On January 24, 2022, the U.S. Supreme Court agreed to hear a case on the scope and authority of the Clean Water Act (“CWA”). The Court granted certiorari in the case of Sackett v. U.S. Environmental Protection Agency, 19-35469, on appeal from the U. S. Court of Appeals for the Ninth Circuit.
The question presented to the Court is, seemingly, straightforward: “Whether the Ninth Circuit set forth the proper test for determining whether wetlands are 'waters of the United States' under the Clean Water Act, 33 U.S.C. § 1362(7).” But, this question has wide-reaching implications. The definition of “waters of the United States” (“WOTUS”) sets the jurisdictional limits of the CWA. Under the CWA, the U.S. Environmental Protection Agency (“EPA”) and the U.S. Army Corps of Engineers (“Army Corps”) have the power to regulate, among other things, the discharge of pollutants to navigable water from a point source (33 U.S.C. § 1362(12)) and the discharge of dredged or fill material into navigable waters (33 U.S.C. § 1344). “Navigable waters” are defined in the CWA as “the waters of the United States, including the territorial seas.” 33 U.S.C. §1362(7). “Waters of the United States” is not defined further under the Act, so the agencies have been left to try to craft a definition.
The Army Corps and EPA first proposed a WOTUS definition in 1977 and it has faced revisions and legal challenges ever since. The WOTUS definition has faced Supreme Court review in three previous cases:
- U.S. v. Riverside Bayview, 474 U.S. 121 (1985)
- Solid Waste Agency of Northern Cook County v. U.S. Army Corps of Engineers, 531 U.S. 159 (2001)
- Rapanos v. U.S., 547 U.S. 715 (2006)
In the most recent Supreme Court treatment, the Court did not reach a majority opinion. Justice Scalia authored a plurality opinion, Justice Kennedy wrote a concurring opinion, and Justice Stevens wrote a dissenting opinion. Following the Rapanos decision, lower courts and the agencies have grappled with whether to follow the framework laid out by Justice Scalia or Justice Kennedy. The primary difference is how they dealt with bodies of waters on the fringe of jurisdiction, like wetlands. Justice Scalia would include in WOTUS: “only those relatively permanent, standing or continuously flowing bodies of water forming geographic features that are described in ordinary parlance as streams, oceans, rivers, and lakes…[and] only those wetlands with a continuous surface connection to bodies that are "waters of the United States" in their own right…” Id. at 739-42. Justice Kennedy went beyond wetlands with a “continuous surface connection” to include wetlands and other bodies of water that have a “significant nexus” to more traditional navigable waters. Id. at 759.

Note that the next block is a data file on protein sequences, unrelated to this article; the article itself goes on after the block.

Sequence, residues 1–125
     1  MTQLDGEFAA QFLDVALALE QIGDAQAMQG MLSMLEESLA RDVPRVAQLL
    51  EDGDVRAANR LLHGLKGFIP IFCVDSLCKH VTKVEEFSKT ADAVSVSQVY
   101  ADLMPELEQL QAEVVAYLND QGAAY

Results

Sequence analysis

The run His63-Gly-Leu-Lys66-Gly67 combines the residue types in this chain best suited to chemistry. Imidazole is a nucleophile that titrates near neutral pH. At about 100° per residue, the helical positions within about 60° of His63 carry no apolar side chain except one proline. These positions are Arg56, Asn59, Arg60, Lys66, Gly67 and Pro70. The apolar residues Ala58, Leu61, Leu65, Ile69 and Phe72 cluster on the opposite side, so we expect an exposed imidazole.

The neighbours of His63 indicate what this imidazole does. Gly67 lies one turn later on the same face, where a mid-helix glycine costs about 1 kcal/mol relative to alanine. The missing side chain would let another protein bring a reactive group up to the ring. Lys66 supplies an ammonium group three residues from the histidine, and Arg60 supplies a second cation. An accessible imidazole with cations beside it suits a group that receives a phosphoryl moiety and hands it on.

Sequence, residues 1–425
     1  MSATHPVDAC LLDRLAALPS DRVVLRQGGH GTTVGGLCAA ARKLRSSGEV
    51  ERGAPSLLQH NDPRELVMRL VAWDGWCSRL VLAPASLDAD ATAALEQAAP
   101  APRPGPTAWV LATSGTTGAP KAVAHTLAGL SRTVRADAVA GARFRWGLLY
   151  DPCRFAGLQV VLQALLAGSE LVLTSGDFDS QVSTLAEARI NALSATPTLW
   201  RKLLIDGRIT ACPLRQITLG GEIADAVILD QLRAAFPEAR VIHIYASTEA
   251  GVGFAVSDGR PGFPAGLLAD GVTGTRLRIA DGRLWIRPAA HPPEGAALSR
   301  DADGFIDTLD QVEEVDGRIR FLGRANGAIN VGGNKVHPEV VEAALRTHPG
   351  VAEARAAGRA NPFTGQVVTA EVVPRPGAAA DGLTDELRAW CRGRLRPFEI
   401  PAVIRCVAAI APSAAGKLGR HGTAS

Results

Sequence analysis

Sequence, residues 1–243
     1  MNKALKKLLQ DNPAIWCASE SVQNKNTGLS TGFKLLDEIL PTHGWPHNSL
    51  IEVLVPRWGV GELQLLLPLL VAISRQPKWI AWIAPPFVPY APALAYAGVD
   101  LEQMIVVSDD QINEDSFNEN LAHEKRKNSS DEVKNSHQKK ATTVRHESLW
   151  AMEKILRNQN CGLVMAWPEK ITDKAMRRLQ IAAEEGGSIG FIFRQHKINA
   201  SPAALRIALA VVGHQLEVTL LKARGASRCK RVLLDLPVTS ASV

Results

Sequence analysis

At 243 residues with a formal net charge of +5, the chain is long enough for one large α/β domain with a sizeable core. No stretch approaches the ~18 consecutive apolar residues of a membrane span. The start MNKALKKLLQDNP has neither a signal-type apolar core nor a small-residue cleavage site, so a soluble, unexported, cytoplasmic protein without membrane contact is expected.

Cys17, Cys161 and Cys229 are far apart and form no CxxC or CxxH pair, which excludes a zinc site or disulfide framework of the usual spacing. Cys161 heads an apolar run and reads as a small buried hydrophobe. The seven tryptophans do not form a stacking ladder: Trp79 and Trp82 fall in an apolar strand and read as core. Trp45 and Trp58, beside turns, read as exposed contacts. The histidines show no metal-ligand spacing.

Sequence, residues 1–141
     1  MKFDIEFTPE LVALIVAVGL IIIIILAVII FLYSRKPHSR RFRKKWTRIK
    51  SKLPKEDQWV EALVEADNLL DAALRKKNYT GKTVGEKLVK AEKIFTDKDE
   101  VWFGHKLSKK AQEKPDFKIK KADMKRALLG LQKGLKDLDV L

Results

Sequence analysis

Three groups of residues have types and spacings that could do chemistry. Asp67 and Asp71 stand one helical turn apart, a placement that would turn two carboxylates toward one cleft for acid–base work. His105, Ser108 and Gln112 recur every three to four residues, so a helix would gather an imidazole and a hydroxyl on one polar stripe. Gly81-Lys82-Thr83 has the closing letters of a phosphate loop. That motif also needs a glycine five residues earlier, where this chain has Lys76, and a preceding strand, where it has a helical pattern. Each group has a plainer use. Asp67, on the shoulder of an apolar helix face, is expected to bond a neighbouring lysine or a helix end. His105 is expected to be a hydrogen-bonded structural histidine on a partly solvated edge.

The WOTUS definition was revised in 2015 by the Obama Administration to expand the definition and then in 2020 by the Trump Administration to narrow the definition; with both definitions facing swift legal challenges, including vacatur of the Trump rule in 2021. Just recently, on November 18, 2021, EPA and the Army Corps announced that they were issuing a proposed rule to re-establish the pre-2015 definition of WOTUS. The current proposed rule includes the “significant nexus” standard for non-traditional navigable waters.
In the case currently before the Supreme Court, Petitioners Michael and Chantell Sackett purchased property in Idaho in 2004 intending to build a home. When the Sacketts began filling in the wetlands on the property, EPA issued an administrative compliance order stating the property contained wetlands subject to CWA authority. The Sacketts were ordered to restore the property or face daily penalties. The Sacketts sued EPA, challenging the compliance order. The case has wound through the courts for years, eventually landing in the Ninth Circuit, where that court applied Justice Kennedy's “significant nexus” test and held that “EPA reasonably determined that the Sacketts' property contains wetlands that share a significant nexus with Priest Lake, such that the lot was regulable under the CWA and the relevant regulations.” Sackett v. EPA, 8 F. 4th 1075, 1093 (9th 2021).
In their petition for certiorari, Petitioners asked the Court to take the case to clear up the deep confusion over what standard applies and how it is interpreted by lower courts and the agencies. EPA tried to resist certiorari by arguing that the decision below was correctly decided and not in conflict with any opinion of the Court or other courts of appeals. Now, EPA faces an uphill battle before a Court that is more conservative than in 2006 and, in all likelihood, will be receptive to adopting Justice Scalia’s “continuous surface connection” standard, thereby narrowing the scope of the CWA.